HKEY_LOCAL_MACHINE\SOFTWARE\Microsoft\Windows\CurrentVersion\Run

  7. Modifies the default value of the registry key:

    HKEY_LOCAL_MACHINE\SOFTWARE\CLASSES\.exe

    to:

    Spitmaxa

  8. Creates a subkey, Spitmaxa, in the registry key:

    HKEY_LOCAL_MACHINE\SOFTWARE\CLASSES

  9. Modifies Win.ini file:

    [windows]
    load=%windir%\setup_axm.exe
    run=%system%\iosys.exe

  10. Modifies system.ini file:

    [boot]
    shell=Explorer.exe setup_axm.exe

  11. May overwrite the C:\autoexec.bat file so that it formats drives C and D when you restart Windows 95/98/Me.

  12. Delete all the files on floppy.

  13. Uses a current MAPI program to send itself to all the contacts in a current MAPI program's Address Book.
    The email has the following characteristics:

    Subject: The subject line is one of the following:
    WHEN US GOVERMENT TO STOP THE INVADED IN IRAQ?!
    News: US vs Iraq Issue
    Strike on Iraq
    Hi! ;)
    Good Idea For ya!
    DAA Holding have an Idea for Bussiness man
    Great Job for Professional Programmer
    Trade and Care about customer!
    Don't missed Logon to DAABussiness.com
    Are you a Bussiness man?
    How to make a money in one day?
    Care to trade world map?
    How to prevent from Pirate CD!
    Job for you!
    Do you have an enough salaries for you job?
    Don't waste your money!
    HAVE A NICE DAY!
    Why US invade on Iraq?
    No More Blood!
    HOW TO PREVENT YOUR EMAIL FROM VIRUSES?

    Message:
    Dear Mr/Mrs/Sir/Mdm,
    Are you tired to get the customer. It is important to know how to make your bussiness more efficient.
    To get a tips and more advise. You can download it from the attachment or just click here <link to executable file on web>
    to download from our FTP site.
    Regard,
    Yamamoto Hashimura,
    Software Engineer of DAA Holding

    Attachment: Tca.exe

  14. Terminates the following processes:

    Zonealarm.exe
    Wfindv32.exe
    Webscanx.exe
    Vsstat.exe
    Vshwin32.exe
    Vsecomr.exe
    Vscan40.exe
    Vettray.exe
    Vet95.exe
    VControl.exe
    Tds2-Nt.exe
    Tds2-98.exe
    Sweep95.exe
    Sphinx.exe
    Smc.exe
    Serv95.exe
    Scrscan.exe
    Scanpm.exe
    Scan95.exe
    Scan32.exe
    Safeweb.exe
    Rescue.exe
    Regedit.exe
    Regedit.com
    Rav7win.exe
    Rav7.exe
    Persfw.exe
    Pcfwallicon.exe
    Pccwin98.exe
    Pavw.exe
    Pavsched.exe
    Pavcl.exe
    Padmin.exe
    Outpost.exe
    Nvc95.exe
    Nupgrade.exe
    Normist.exe
    Nmain.exe
    Nisum.exe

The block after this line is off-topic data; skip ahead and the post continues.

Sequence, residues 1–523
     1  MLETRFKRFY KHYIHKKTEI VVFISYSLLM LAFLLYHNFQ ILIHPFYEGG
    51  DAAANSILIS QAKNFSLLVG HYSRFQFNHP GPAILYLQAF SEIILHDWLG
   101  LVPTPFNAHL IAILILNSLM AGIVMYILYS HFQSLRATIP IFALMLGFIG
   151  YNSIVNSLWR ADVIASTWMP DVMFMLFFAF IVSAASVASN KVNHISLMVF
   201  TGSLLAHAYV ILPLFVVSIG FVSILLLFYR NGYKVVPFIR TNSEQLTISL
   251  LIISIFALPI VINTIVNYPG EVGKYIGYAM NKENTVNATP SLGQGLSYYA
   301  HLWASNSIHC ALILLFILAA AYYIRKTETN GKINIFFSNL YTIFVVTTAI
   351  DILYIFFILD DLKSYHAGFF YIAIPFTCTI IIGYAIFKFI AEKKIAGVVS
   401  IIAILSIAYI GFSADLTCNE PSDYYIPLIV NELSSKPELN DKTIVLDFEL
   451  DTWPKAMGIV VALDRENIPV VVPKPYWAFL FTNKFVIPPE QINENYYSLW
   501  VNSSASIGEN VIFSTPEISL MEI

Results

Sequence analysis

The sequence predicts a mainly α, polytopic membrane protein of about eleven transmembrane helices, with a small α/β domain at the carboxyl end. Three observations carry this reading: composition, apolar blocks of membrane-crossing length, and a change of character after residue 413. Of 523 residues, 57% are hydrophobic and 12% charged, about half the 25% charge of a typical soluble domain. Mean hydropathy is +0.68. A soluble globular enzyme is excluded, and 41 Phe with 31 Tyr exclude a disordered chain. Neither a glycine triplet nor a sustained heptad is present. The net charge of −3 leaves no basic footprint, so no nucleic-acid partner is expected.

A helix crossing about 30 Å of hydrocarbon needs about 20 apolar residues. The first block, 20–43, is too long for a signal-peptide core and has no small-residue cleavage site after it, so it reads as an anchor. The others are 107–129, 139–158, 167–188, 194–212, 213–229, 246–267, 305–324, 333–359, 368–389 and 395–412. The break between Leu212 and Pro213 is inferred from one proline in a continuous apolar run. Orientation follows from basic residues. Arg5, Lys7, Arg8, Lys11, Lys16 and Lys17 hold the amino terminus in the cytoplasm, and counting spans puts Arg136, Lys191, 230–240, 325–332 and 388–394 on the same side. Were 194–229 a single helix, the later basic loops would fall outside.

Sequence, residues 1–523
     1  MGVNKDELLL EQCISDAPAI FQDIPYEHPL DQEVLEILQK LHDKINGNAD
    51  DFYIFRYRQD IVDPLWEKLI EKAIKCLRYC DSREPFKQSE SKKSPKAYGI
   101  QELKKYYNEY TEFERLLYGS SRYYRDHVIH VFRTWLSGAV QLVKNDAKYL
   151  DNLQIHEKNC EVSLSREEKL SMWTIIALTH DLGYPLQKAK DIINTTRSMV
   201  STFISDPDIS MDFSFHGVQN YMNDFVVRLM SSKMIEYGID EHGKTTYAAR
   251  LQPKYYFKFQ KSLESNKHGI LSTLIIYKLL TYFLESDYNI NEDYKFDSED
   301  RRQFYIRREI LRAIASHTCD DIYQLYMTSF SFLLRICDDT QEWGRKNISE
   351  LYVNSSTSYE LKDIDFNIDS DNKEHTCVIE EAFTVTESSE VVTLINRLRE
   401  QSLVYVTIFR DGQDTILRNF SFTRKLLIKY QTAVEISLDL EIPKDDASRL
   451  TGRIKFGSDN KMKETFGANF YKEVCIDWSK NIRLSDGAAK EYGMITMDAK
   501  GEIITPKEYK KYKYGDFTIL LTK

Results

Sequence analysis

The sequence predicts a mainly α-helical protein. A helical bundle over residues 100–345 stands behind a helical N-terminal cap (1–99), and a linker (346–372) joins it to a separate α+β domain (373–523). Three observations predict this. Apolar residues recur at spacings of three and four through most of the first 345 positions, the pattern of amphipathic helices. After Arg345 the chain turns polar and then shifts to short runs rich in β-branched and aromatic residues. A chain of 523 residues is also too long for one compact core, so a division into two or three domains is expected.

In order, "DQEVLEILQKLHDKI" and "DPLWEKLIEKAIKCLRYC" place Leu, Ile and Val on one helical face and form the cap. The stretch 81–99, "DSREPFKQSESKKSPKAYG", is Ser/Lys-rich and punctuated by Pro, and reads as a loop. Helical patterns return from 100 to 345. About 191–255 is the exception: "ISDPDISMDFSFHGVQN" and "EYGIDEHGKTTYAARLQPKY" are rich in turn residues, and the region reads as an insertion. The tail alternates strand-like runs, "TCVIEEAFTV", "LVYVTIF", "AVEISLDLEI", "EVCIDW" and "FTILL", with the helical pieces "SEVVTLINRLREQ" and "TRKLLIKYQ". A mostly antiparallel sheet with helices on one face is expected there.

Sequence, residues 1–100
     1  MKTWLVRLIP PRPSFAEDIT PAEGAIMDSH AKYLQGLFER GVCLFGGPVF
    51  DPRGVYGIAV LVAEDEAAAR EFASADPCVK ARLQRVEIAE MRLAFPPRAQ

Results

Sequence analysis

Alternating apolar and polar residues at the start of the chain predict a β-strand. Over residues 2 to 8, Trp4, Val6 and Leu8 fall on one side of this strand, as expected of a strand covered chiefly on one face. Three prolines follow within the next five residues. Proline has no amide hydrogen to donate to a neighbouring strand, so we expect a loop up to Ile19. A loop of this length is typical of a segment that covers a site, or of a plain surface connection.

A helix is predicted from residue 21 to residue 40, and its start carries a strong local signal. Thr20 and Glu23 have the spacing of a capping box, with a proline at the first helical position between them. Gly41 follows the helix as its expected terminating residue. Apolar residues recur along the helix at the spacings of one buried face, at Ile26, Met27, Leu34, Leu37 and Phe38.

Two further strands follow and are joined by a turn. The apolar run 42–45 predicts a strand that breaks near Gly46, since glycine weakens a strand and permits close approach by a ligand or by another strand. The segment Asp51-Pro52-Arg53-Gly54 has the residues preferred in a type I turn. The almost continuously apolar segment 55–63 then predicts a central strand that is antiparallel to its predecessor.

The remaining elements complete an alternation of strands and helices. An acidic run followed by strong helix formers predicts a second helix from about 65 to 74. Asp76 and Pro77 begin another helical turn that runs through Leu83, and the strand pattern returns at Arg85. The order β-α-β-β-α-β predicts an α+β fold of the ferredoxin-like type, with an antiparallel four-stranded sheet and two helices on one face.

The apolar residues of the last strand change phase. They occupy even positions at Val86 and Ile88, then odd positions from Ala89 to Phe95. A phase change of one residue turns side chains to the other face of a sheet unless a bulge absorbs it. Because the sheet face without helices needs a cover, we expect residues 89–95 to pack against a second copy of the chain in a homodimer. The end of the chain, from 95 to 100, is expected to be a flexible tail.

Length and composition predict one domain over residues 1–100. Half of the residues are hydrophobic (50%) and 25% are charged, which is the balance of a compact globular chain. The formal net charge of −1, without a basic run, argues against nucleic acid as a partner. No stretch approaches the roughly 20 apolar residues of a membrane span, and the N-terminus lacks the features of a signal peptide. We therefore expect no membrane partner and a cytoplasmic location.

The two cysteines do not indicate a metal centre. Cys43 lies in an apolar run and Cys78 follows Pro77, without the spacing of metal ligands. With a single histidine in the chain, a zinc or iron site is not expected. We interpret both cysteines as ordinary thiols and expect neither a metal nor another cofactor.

Navwnt.exe
    Navw32.exe
    Navnt.exe
    Navlu32.exe
    Navapw32.exe
    N32scanw.exe
    Mpftray.exe
    Moolive.exe
    Luall.exe
    Lookout.exe
    Lockdown2000.exe
    Jedi.exe
    Iomon98.exe
    Iface.exe
    Icsuppnt.exe
    Icsupp95.exe
    Icmon.exe
    Icloadnt.exe
    Icload95.exe
    Ibmavsp.exe
    Ibmasn.exe
    Iamserv.exe
    Iamapp.exe
    HH.exe
    Frw.exe
    Fprot.exe
    Fp-Win.exe
    Findviru.exe
    F-Stopw.exe
    F-Prot95.exe
    F-Prot.exe
    F-Agnt95.exe
    Espwatch.exe
    Esafe.exe
    Ecengine.exe
    Dvp95_0.exe
    Dvp95.exe
    Command.com
    Cmd.exe
    Cleaner3.exe
    Cleaner.exe
    Claw95cf.exe
    Claw95.exe
    Cfinet32.exe
    Cfinet.exe
    Cfiaudit.exe
    Cfiadmin.exe
    ccApp.exe
    Blackice.exe
    Blackd.exe
    Avwupd32.exe
    Avwin95.exe
    Avsched32.exe
    Avpupd.exe
    Avptc32.exe
    Avpm.exe
    Avpdos32.exe
    Avpcc.exe
    Avp32.exe
    Avp.exe
    Avnt.exe
    Avkserv.exe
    Avgctrl.exe
    Ave32.exe
    Avconsol.exe
    Autodown.exe
    Apvxdwin.exe
    Anti-Trojan.exe
    Ackwin32.exe
    _Avpm.exe
    _Avpcc.exe
    _Avp32.exe


Recommendations

Symantec Security Response encourages all users and administrators to adhere to the following basic security "best practices":

  • Use a firewall to block all incoming connections from the Internet to services that should not be publicly available. By default, you should deny all incoming connections and only allow services you explicitly want to offer to the outside world.
  • Enforce a password policy. Complex passwords make it difficult to crack password files on compromised computers. This helps to prevent or limit damage when a computer is compromised.